Hargreaves Lansdown saves the day at the eleventh hour of the old tax year

I’ve never had any dealings with HL, because the Ermine is a cheapskate when it comes to platforms, and Hargeaves Lansdown has the rep of being a high-cost full-service shop. However, given that that nice Mr Osborne seems to indicate that we can now draw our pension funds in full subject to regular taxation, I want a SIPP. Held in cash, possibly, though I need to reflect on that at my leisure. The rationale is here – although I can’t draw it as of yet, I’m not far from the 55 cutoff.

When I researched the original article I looked at Cavendish Online, for a stakeholder, which would be the cheapest. But they wanted me to fill in forms sent through the post with all the money laundering fun and games of certified copies of this and that. There’s not enough time for that given that the end of the tax year is tomorrow so I didn’t fancy my chances with the post. Online is the way to go.I would have thought a SIPP wouldn’t need all that garbage because presumably they go to HMRC and go ‘have you got any records of this geezer with national insurance number xxx name An Ermine living at this address. If it matches, fine, if not the alarm bells go off and somebody sends a SWAT team out. But no.

So I attempted with TD Direct, on the principle I already have an ISA with them, so all the know your customer malarkey has been done already. Had a go a couple of days ago, they seem to have lost the application, and certainly haven’t asked me for any money yet. In the unlikely event they find it and do something I’ll tell them they’ve missed their chance under the 30-day cooling off rule, basically for gross incompetence 🙂 They know what the end of the tax year is all about, FFS, and although I normally expect people to get their act together about the end of the tax year for ISAs and SIPPs it’s not like Osborne gave us huge amounts of notice to process what’s changed and how to use it.

Since I am a canonical example of somebody who can use a short DC pension to my advantage I want some. And since I have no income, the most I can lob in in a tax year is £2880, so missing out this tax year costs me £720 (less running costs). As a minor snarl, why is it that whenever I fill in a form and it has status of employment, do they have no entry of Gentleman of Leisure? I am not employed, and I am not unemployed either. I’m not down the Labour Exchange claiming JSA. At least HL had the ‘other’ category.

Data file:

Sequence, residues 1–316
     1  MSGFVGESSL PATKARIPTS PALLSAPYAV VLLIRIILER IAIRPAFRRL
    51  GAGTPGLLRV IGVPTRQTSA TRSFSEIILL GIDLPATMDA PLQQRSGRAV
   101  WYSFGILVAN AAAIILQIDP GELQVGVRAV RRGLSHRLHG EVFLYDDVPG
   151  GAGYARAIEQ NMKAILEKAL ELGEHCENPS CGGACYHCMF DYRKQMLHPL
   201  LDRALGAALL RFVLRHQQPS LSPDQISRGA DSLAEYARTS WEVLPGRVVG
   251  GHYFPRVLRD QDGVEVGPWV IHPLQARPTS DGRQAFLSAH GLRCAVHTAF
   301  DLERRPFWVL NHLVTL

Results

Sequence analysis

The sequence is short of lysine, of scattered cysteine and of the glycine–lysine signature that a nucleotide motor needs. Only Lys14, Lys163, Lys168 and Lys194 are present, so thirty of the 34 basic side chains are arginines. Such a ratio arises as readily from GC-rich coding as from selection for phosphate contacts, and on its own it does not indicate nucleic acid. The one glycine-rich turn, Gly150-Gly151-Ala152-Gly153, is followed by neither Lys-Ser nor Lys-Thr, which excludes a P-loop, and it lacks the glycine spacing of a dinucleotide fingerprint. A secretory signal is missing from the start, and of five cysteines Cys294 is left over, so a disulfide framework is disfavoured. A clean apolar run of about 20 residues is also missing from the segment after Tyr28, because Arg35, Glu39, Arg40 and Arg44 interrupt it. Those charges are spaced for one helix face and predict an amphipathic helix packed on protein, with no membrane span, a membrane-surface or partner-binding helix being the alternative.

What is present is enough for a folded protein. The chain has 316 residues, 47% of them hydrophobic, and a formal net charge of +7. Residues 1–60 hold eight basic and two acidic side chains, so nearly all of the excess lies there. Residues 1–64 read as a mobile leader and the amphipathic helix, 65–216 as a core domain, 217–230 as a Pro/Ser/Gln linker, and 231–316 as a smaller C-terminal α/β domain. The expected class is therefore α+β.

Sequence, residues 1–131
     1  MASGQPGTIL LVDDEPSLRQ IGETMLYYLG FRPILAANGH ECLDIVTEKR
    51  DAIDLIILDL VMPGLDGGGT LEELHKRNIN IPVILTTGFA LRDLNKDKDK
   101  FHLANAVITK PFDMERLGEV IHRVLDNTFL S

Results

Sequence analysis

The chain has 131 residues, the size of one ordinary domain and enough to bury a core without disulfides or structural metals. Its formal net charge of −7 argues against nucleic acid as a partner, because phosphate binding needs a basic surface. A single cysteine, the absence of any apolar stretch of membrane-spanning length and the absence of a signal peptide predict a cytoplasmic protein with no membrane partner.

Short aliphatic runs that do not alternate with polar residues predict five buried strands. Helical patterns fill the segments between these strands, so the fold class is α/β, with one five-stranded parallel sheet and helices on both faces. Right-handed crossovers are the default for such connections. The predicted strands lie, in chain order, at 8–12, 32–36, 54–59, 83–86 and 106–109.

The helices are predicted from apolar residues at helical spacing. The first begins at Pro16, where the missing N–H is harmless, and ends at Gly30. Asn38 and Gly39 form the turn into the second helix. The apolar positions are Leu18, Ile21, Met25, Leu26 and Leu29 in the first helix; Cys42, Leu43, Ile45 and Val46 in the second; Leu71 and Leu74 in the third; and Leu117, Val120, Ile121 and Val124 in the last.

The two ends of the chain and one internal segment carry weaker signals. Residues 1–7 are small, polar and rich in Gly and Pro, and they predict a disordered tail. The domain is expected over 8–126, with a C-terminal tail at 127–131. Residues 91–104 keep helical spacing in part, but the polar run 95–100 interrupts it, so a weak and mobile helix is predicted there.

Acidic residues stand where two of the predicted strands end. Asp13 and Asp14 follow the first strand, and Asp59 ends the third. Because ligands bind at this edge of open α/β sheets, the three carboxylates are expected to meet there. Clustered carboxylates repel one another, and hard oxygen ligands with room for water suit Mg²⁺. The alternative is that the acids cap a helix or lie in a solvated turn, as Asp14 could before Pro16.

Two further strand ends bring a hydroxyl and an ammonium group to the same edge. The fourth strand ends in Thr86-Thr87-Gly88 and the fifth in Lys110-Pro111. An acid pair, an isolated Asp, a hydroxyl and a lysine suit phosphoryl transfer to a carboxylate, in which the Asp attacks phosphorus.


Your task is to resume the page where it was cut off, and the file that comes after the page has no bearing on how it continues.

So I take a leaf out of Boardgamer’s book, and figure I may as well give it a go.

Hargreaves Lansdown know the tax year is ending
Hargreaves Lansdown know the tax year is ending

Obviously I simulated the effect of their charges; there are no opening charges, but there is a 0.45% p.a. hit on all investments (including shares!!!!) and there is a stupendous £354 flexible DD/exit charge. So be it, there’s still a win from the £720 the taxman lobs into the pot, and since these are savings I will be living on anyway I may as well park them in a pension and get my tax back from them – it beats the hell out of the interest on any cash savings account I can get.

Now I have to say that as I went through the application I saw why HL gets its rep as a slick operation – they took the cash via a debit card, opened the account, allowed me to defer investment choices to later and the whole experience was a lot better than the un-joined-up mess that TD were offering. They may still manage to make a muddle somewhere but so far so good. Even with that shocking exit charge the simulation indicates I am good for about a 16% ROI on cash over the next three years after costs and assuming 3% inflation. 5% p.a. real return is worth getting out of bed for. Presumably all the know your customer crap is coming my way, but at least that can be done at my leisure after the deadline.

Using Hargreaves Lansdown’s website brought it home to me just how crappy all the low-cost platform websites I’ve used were. TD Direct probably just about get the wooden spoon award for usability, though I don’t really get on with Charles Stanley that well either. CS looks prettier but I still get lost in it. III’s was serviceable but the funds selection was truly horrible, hopefully they’ve improved it since I told III to sling their hook for ramping charges.